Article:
Produced, directed by Christine Richey. Screenplay, John Kramer. Camera (B&W/color, 16mm), Joan Hutton, John Walker, Micha Dahan, Peter Walker, Richard Stringer; editor, Jack Morbin; music, Nicholas Stirling. Reviewed at Toronto Film Festival (Perspective Canada), Sept. 15, 1999. Running time: 80 MIN.
Narrator: Dawn Greennalgh.
As talky as it is titillating, “Tops & Bottoms,” subtitled “Sex, Power and Sadomasochism,” offers historical overview of the movement spiced up with contempo talking heads and profile of a master (“tops”)–slave (“bottoms”) relationship. A few short shots of hardware and skin aside, item is less entertainment than a teaching tool for those into or about to be into such things, suggesting exposure via more liberal edutube outlets.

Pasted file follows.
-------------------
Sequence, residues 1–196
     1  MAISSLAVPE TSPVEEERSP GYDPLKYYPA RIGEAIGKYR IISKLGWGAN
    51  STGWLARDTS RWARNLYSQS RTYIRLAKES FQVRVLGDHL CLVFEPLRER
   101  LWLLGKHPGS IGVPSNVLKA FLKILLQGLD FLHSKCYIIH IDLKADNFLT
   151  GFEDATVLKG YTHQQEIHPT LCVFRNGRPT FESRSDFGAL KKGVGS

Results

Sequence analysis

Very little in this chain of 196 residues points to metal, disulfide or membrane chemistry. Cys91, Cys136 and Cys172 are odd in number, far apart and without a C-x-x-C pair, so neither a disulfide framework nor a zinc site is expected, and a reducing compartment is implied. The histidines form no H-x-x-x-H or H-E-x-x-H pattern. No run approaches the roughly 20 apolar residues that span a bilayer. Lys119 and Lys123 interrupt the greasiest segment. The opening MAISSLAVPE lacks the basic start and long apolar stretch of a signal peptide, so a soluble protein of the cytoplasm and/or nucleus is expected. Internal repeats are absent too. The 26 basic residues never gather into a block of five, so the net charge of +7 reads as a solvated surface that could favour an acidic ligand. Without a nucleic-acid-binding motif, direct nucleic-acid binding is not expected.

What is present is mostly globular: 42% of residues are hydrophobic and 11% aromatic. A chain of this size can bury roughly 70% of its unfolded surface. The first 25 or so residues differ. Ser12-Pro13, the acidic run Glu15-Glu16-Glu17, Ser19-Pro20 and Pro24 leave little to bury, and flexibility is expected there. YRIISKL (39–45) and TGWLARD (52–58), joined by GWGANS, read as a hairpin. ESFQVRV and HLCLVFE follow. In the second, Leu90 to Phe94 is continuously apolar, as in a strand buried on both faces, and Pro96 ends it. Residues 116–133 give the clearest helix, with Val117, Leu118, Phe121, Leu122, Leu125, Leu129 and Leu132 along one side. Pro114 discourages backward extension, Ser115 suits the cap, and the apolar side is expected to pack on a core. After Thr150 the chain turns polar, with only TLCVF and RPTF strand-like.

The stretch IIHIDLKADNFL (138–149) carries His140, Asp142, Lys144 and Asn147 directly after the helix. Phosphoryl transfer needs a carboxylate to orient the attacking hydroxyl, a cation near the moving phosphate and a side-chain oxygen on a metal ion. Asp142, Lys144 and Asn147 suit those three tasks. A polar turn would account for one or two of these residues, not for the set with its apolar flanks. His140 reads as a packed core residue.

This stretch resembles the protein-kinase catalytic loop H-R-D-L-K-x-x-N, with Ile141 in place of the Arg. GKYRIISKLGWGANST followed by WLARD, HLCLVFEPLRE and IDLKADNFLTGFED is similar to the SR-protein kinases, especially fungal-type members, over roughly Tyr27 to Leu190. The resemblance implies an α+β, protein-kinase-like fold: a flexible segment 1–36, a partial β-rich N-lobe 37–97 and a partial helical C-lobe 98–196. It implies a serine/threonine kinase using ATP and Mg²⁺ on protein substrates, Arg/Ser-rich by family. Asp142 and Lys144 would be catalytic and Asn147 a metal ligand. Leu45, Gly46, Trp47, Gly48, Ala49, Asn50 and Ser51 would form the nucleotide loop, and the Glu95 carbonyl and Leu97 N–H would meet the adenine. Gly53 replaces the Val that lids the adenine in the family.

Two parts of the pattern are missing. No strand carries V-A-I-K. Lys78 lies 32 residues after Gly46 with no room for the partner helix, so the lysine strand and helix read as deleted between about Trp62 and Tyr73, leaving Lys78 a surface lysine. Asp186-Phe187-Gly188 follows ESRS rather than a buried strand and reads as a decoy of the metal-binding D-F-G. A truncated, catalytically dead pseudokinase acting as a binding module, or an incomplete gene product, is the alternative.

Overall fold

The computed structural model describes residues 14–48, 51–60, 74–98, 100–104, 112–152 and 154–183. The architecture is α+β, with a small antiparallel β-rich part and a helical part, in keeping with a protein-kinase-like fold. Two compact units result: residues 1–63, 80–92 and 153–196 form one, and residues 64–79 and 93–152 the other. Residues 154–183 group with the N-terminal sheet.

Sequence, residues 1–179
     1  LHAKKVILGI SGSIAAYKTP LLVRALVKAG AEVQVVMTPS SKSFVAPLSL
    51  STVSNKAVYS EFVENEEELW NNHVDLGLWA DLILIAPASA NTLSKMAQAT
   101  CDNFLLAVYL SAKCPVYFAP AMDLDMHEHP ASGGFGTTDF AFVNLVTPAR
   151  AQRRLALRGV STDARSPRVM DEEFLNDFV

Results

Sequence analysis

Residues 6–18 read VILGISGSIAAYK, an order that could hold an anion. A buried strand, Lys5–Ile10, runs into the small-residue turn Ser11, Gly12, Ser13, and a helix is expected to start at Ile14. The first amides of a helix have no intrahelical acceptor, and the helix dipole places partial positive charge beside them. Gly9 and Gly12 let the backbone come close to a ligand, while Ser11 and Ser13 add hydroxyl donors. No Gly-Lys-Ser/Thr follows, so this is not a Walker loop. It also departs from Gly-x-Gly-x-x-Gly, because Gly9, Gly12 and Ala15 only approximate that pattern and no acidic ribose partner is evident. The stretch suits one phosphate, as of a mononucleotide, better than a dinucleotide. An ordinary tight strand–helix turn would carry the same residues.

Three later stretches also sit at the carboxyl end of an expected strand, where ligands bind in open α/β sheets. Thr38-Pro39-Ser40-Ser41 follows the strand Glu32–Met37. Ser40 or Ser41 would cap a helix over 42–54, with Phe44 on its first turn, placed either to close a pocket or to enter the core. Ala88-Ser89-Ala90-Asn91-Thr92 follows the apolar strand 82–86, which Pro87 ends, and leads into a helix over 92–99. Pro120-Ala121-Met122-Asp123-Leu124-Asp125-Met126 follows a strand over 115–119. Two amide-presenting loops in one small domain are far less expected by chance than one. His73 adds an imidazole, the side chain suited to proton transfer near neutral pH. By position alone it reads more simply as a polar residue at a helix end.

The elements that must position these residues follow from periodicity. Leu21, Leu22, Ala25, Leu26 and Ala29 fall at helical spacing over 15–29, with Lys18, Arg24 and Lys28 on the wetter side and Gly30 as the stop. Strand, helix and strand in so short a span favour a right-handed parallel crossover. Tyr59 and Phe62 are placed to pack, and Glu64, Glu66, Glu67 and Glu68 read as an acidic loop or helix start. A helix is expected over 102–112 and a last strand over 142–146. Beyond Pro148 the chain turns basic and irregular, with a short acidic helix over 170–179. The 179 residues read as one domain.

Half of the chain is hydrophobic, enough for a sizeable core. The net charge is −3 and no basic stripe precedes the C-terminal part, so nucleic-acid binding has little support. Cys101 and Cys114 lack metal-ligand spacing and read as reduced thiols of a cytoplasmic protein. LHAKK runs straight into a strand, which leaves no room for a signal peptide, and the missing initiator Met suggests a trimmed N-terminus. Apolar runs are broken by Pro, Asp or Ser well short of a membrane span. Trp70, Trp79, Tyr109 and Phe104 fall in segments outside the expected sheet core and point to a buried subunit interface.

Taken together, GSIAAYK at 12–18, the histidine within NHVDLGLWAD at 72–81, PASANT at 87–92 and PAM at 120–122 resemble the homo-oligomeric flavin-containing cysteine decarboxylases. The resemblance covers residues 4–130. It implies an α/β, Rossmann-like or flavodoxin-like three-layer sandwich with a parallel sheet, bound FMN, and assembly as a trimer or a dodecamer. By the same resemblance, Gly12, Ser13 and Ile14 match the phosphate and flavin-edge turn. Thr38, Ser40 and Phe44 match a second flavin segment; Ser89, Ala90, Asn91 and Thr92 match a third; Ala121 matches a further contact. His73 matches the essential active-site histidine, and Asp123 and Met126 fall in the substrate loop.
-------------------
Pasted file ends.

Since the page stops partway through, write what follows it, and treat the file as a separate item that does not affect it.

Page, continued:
Perhaps sensing a need for context, producer-director Christine Richey spends much time laying meticulously illustrated groundwork of research by Marquis de Sade, Leopold von Sacher-Masoch, Richard von Kraftt-Ebing and Erich Fromm. This lecture-hall material is supplemented by more specious passages devoted to the likes of Adolph Hitler’s fetishism and covert relationship with Eva Braun, as well as a sex–capitalism–religion–pop culture arc from the 1950s to the ’90s. Far more involving and unsettling is creepily pompous Toronto “top” Robert Dante , his “bottom” wife, Mary, and their new slave, 23-year-old Mercedes Alexander. Initially enthusiastic, the young woman’s ardor cools quickly and she breaks her “contract” with the couple, leaving Robert bitter and even more creepy. Tech credits are OK.